It was unfair to her—not just the anger I took out on her, personally—but the anger that I felt in secret, as well.
Now, I could have gone the rest of my days without telling her the truth—without cluing her in on the resentment I had harbored for so long. However, that would have been dishonest of me and I don’t think that is what God would expect from me. I had felt all this anger in secret. It was time to stop with all of the secrecy!
The anger that I describer earlier—it didn’t wash over me all at once.
No. It was quite gradual. A sneaky little bugger, it is.
When she was first diagnosed, I was scared for sure, but I was also determined and perhaps a little driven by my fear. I set out to research her disease and learn all I could about it.
Since I had been living my own low sodium life style for several years because of Meniere’s disease, I had the knowledge and ability to help her transition. I created a low sodium cook book and a care package filled with low sodium seasonings, some I had purchased and some I had made. This was her Christmas gift. I wanted to take as much of the burden, stress, and worry away from her as I could.
The anger crept in slowly and quietly several years later until I was suddenly angry all the time without even understanding why—I now understand that this was the only way, as unhealthy as it is, that I was able to cope with the growing realization that her diseases and suffering seem to be getting worse which was what the low sodium Christmas present, the millions of whispered prayers, the optimism, the late night shoulder to cry on was supposed to prevent! All of my attempts to make her better had failed. There was no way that I, alone, would be able to fix it.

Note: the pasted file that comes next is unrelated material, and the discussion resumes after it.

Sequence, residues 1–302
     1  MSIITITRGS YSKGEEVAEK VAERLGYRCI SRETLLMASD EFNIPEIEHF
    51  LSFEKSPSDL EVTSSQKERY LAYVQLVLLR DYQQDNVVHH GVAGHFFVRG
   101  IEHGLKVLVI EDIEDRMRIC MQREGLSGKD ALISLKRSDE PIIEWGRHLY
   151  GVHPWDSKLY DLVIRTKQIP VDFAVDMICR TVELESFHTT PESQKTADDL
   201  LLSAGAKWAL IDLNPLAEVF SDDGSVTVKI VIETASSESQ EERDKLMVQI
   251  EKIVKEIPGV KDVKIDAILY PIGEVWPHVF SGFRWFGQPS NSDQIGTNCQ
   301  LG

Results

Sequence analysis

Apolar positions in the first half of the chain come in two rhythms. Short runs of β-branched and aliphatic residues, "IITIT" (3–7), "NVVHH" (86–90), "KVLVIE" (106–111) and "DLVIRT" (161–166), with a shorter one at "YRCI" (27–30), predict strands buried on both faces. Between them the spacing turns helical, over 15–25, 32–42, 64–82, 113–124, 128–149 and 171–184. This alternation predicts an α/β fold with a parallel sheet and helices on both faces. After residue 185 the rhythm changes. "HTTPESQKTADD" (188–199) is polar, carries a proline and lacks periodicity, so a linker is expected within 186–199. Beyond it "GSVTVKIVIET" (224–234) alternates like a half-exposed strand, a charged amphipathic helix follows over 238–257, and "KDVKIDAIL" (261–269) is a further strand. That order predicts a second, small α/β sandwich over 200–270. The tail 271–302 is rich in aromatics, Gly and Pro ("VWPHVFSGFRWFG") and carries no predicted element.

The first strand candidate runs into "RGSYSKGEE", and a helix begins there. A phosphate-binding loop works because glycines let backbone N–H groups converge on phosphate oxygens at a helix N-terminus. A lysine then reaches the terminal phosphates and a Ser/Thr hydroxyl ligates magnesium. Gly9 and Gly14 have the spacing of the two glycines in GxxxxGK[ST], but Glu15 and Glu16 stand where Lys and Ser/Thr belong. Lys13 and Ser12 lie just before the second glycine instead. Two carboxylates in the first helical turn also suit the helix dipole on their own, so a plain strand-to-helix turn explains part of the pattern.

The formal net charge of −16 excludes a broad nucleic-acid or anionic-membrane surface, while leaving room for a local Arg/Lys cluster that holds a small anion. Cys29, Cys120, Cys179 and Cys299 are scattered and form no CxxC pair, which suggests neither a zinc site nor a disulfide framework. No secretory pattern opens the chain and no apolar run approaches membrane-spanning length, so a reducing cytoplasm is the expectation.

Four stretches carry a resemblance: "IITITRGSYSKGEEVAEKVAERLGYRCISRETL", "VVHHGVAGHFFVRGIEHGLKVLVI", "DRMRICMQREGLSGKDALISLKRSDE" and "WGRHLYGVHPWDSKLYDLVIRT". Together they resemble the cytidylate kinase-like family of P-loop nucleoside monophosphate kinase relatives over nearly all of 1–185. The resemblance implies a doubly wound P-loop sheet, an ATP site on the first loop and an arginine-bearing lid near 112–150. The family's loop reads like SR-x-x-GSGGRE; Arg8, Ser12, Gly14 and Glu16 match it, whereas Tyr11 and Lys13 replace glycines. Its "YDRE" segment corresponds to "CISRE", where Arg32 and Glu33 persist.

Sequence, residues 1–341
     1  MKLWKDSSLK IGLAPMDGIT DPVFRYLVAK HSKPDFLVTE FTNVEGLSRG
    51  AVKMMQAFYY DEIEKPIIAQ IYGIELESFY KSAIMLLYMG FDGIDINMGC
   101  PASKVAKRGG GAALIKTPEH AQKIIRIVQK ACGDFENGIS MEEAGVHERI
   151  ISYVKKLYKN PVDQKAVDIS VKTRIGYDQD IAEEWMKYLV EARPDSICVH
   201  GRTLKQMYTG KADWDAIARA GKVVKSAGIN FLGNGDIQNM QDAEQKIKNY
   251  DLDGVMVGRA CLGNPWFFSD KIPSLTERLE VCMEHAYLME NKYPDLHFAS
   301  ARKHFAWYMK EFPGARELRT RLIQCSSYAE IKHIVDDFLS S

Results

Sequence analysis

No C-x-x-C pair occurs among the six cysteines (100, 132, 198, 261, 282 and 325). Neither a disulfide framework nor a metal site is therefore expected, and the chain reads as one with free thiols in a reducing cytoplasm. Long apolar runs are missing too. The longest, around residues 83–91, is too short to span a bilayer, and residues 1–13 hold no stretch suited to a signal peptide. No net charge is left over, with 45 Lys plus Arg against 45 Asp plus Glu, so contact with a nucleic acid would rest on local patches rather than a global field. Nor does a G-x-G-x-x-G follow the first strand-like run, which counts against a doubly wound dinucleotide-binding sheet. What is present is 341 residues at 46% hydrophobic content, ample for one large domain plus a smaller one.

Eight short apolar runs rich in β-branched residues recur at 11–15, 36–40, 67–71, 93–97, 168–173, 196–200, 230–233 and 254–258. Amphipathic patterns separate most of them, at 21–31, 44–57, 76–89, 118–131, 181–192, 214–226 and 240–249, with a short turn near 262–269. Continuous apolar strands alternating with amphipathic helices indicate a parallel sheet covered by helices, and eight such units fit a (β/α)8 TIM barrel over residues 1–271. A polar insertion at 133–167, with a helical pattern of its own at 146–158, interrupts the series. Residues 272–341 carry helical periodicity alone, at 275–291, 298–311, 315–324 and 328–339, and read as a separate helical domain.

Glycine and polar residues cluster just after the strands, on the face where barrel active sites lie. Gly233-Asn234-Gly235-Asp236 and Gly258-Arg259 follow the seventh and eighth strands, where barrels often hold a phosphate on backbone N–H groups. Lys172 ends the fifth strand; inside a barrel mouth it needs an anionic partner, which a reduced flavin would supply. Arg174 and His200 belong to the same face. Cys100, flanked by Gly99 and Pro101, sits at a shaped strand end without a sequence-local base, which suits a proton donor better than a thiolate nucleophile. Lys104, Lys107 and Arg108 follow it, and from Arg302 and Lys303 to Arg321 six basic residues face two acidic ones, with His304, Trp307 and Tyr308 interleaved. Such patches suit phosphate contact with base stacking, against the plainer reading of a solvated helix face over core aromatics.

If you think that was instrumental in my anger, then you’re darn tootin’ right, it made me angry! I wasn’t just angry, though. I was mad as hell!
I don’t know the stage of grief that follows anger but I sure hope that because I now understand more about why I am having these emotions, I will be able to deal with them in a healthier manner when the new stages of grief make their arrival.
It is also my goal to inform the loved ones of chronic illness warriors that it’s OK for you to grieve too—just don’t take it out on your loved one either publicly or secretly because it isn’t their fault. Don’t allow your grief to get in the way of the relationships you have with those people because their lives are hard enough as it is.
Be angry with the disease. Be angry with the circumstances. Be angry at the things they have to miss out on or the suffering they endure. Never be angry at the person because they don’t deserve your anger. They deserve your admiration because let’s face it, It’s not easy being us!
Dedicated to the strongest chronic illness warrior I know. I am so sorry for being unfair to you for so very long. I love you and admire your strength. May God bless you and keep you. May His face shine upon you and may He lay His hand upon you and offer healing to your mind, body, and spirit.